Australia considers a statutory cause of action for serious invasion of privacy
24 March 2022
While Australia was one of the first countries in the world to adopt privacy legislation, it has always lacked a cause of action for invasion of privacy. The Attorney-General’s Department is currently reviewing the Privacy Act 1988 (Cth), including whether an action for invasion of privacy should be introduced into Australian law.
The current state of the law
While the Privacy Act regulates how organisations handle the personal information of individuals, there are very limited ways for an individual to take action against someone who interferes with their privacy.
At present, an individual’s main recourse is to complain to the Office of the Australian Information Commissioner, which has the power to investigate and resolve complaints through a conciliation process. And because the Privacy Act is concerned solely with information privacy, an individual may have no recourse against acts which invade their privacy in other ways, such as physical or electronic intrusion into a private space.
What would a tort of privacy look like?
In 2014, the Australian Law Reform Commission (“ALRC”) proposed a model cause of action that would require the following five elements:
- there was a misuse of an individual’s private information or an intrusion into an individual’s private space;
- the individual had a reasonable expectation of privacy;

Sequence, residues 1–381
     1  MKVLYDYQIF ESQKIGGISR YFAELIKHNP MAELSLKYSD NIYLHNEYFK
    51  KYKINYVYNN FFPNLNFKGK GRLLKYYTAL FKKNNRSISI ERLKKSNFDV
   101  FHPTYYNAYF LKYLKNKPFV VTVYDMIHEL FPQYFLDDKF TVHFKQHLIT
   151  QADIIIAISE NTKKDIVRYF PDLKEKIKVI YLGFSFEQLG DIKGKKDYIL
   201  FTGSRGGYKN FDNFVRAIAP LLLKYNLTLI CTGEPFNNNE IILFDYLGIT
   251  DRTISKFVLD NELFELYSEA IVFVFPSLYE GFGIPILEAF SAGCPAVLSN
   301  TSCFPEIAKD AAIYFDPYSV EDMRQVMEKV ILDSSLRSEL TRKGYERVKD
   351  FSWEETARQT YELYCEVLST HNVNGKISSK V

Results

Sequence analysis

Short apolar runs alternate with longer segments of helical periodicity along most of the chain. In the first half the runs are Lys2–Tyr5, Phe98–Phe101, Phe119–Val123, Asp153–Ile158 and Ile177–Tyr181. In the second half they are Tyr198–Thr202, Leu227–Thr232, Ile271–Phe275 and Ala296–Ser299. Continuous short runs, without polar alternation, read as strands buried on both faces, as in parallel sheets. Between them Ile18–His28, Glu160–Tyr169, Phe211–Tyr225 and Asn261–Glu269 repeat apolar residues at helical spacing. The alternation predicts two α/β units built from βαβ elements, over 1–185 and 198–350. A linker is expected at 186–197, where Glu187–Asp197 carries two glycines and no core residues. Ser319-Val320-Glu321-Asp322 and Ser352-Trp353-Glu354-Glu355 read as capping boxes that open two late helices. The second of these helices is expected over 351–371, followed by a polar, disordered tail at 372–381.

- the invasion of privacy was committed recklessly or intentionally;
- the invasion of privacy was serious; and
- the public interest in privacy outweighs any countervailing public interests.
Additionally, the ALRC recommended that the invasion of privacy need not cause financial damage, and damages for emotional distress may be awarded.
Implications for medical practitioners
A statutory action for serious invasion of privacy would allow individuals to take legal action against a medical practitioner who intentionally or recklessly misused their medical information. That action could seek damages for emotional distress, and compensation for any other harm suffered by the individual. If such an invasion of privacy affected a large number of individuals, a class action would be possible.
However, the requirement that the invasion of privacy needs to be serious, and must have been committed intentionally or recklessly, means that not every breach of the Privacy Act would be actionable. Accidentally emailing a patient’s medical information to the wrong specialist would generally not be intentional or reckless. A failure to adequately secure computer systems from hackers might be negligent, but would have to be very severe to be considered reckless. The action would be most applicable to deliberate breaches, such as the disclosure of a person’s drug addiction or mental health condition to the media.
The application of the action to intrusions into private spaces is probably less relevant for medical practitioners, although it could potentially have relevance to any form of treatment that involves surveillance of a patient in their home. It also applies to the surveillance of private spaces in the workplace, such as change rooms.
Importantly for medical practitioners, in the form proposed by the ALRC, the action does not extend to an invasion of bodily privacy, which concerns protection of a person’s body against invasive procedures.
In any event, if a statutory cause of action for invasion of privacy is introduced, it will clearly heighten the need for medical practitioners to be aware of their obligations under the Privacy Act, and to ensure they maintain adequate security of personal and sensitive information.
Nicholas Blackmore, Special Counsel and Martin Yarwood, Associate